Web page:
Statistics also show that Muslim converts, like Khalid Masood, are more prone to radicalization. In Britain, converts make up less than 4% of Muslims but 12% of home-grown jihadists. Converts often lack moderate voices among friends and family and may have not developed a firm grounding in Islamic teachings which would allow them to draw a distinction between the Islamic faith and Islamist ideology. Consequently, they may not be properly equipped with the necessary tools to challenge the narrative propagated by hardened jihadis in prisons.


Terrorist groups have traditionally attracted the elite and educated but this new crop of ISIS recruits come fully primed for violence with skills refined through their criminal past. Professor Peter Neumann, director of the ICSR at King’s College London, told The Independent, “A lot of analysts continue saying terrorists are middle or upper-class, Osama bin Laden was the son of a millionaire and the 9/11 attackers were students for instance, but I don’t think that reflects the reality we have with ISIS – we need to rethink our strategy.”

The transition to Islamist extremism is easier for those whom violence is already a way of life as it provides them with a moral validation for their actions. In his article published in The Times, the former prison governor Ian Acheson who led the government-ordered inquiry into Islamist extremism in imprisons, said that the “young men in our prisons are at risk of being indoctrinated by a warped ideology that mobilizes their capacity for violence and that, at the most extreme, provides them with theological permission to kill the unbeliever.”

According to the inquiry, the threat of radicalization in prisons manifests itself in various ways, including: Muslim gang culture and engineered segregation, charismatic extremist prisoners acting as self-styled ‘emirs’ and exerting a controlling and radicalising influence on the wider Muslim prison population, books and educational materials promoting extremist literature, intimidation of prison imams and the exploitation of staff fear of being labelled racist.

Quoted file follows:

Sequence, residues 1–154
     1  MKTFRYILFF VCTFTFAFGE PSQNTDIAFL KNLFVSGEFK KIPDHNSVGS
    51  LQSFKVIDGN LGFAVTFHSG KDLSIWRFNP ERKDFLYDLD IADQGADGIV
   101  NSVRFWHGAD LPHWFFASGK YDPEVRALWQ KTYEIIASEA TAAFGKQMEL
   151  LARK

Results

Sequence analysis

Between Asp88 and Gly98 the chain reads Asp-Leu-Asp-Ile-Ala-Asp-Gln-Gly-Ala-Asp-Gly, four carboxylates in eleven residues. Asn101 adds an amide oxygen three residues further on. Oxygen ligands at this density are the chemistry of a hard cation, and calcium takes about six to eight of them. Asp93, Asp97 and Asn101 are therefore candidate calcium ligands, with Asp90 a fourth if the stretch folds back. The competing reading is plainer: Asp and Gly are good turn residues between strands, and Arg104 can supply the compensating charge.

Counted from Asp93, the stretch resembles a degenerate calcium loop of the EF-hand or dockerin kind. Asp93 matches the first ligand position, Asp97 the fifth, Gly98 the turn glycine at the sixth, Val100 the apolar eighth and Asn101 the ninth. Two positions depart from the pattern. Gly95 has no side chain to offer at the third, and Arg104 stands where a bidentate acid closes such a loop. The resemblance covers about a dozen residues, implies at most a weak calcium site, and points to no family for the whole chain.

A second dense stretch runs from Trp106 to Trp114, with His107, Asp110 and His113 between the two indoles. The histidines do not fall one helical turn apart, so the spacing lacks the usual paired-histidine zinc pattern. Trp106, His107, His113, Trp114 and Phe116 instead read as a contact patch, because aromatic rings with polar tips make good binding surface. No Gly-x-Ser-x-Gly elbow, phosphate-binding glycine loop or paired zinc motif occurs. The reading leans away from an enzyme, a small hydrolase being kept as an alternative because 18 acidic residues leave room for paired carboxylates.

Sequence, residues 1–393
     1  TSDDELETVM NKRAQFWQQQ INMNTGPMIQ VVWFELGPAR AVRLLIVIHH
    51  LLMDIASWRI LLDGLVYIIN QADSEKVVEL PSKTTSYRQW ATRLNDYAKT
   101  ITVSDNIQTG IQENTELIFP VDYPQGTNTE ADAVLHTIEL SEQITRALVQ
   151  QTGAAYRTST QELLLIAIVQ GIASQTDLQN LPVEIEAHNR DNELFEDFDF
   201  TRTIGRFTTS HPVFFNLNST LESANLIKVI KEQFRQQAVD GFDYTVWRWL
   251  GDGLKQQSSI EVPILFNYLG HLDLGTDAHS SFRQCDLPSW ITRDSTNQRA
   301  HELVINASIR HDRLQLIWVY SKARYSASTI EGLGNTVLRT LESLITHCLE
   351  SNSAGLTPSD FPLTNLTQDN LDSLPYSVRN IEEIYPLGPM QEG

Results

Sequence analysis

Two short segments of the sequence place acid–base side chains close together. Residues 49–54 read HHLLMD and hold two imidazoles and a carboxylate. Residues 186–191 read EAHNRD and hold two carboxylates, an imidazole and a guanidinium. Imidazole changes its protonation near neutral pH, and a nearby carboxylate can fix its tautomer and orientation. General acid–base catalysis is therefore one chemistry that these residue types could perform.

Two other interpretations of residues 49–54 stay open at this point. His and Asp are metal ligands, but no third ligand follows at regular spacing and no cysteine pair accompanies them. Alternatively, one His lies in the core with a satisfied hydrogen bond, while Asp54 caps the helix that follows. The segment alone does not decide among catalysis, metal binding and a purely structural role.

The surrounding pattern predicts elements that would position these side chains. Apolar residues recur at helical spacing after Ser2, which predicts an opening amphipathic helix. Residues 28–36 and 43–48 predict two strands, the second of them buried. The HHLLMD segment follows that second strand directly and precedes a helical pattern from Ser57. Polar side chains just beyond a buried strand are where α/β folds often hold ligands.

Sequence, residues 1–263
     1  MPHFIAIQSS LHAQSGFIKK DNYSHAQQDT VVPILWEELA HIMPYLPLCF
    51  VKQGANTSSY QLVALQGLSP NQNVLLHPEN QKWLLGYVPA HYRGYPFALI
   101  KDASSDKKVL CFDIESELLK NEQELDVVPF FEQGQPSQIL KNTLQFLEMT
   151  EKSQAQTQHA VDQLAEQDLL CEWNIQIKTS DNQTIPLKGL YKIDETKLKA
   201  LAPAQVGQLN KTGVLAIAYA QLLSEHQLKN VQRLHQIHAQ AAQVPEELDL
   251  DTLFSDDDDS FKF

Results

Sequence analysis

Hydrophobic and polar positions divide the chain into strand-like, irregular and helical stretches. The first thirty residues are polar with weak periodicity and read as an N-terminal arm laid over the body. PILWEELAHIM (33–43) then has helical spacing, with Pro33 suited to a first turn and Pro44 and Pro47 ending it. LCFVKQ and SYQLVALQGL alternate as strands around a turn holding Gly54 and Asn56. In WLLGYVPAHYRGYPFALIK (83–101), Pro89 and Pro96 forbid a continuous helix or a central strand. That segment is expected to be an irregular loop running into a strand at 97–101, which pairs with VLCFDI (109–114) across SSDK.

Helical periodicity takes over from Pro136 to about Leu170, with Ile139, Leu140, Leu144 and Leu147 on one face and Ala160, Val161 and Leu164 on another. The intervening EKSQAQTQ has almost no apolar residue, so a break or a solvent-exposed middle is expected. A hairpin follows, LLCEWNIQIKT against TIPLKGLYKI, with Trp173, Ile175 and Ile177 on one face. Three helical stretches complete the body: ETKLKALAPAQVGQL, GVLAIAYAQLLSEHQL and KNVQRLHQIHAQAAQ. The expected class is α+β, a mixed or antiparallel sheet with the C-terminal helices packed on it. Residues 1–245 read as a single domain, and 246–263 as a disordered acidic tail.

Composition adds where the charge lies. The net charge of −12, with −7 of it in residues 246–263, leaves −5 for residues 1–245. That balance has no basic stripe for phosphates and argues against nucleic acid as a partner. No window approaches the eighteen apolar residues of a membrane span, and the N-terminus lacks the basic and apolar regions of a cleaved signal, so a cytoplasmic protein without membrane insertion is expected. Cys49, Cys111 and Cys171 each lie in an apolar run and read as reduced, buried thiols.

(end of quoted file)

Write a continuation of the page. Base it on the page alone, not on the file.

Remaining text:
The findings of the landmark review prompted action by the government and new measures were introduced to tackle the growing problem. A 100-strong specialist team of counter-terrorism experts was launched to examine intelligence from around the country, assess the danger posed by radicalization behind bars, train personnel to deter offenders from being lured into extremism and advice management of dangerous and high profile extremists. Other measures taken include an instruction to governors to ban extremist literature and remove anyone from communal worship who is promoting anti-British beliefs or other dangerous views.

Under the government’s plans the most dangerous and “charismatic” Islamist extremists acting as “self-styled emirs” will be removed from the general prison population and held in ‘specialist units’ in high security estates which have been described as “prisons within prisons”. This move has raised some concerns that segregation could have unintended consequences. Some are wary that it could create a “colony of jihadists” whereas others like Steve Gillan of the Prison Officers Association (POA), predict that the “jihadi blocks” could create Britain’s own version of Guantanamo Bay. Referring to lessons learned in Northern Ireland, Gillan expressed concerns that these new measures would give extremists an “elevated status.”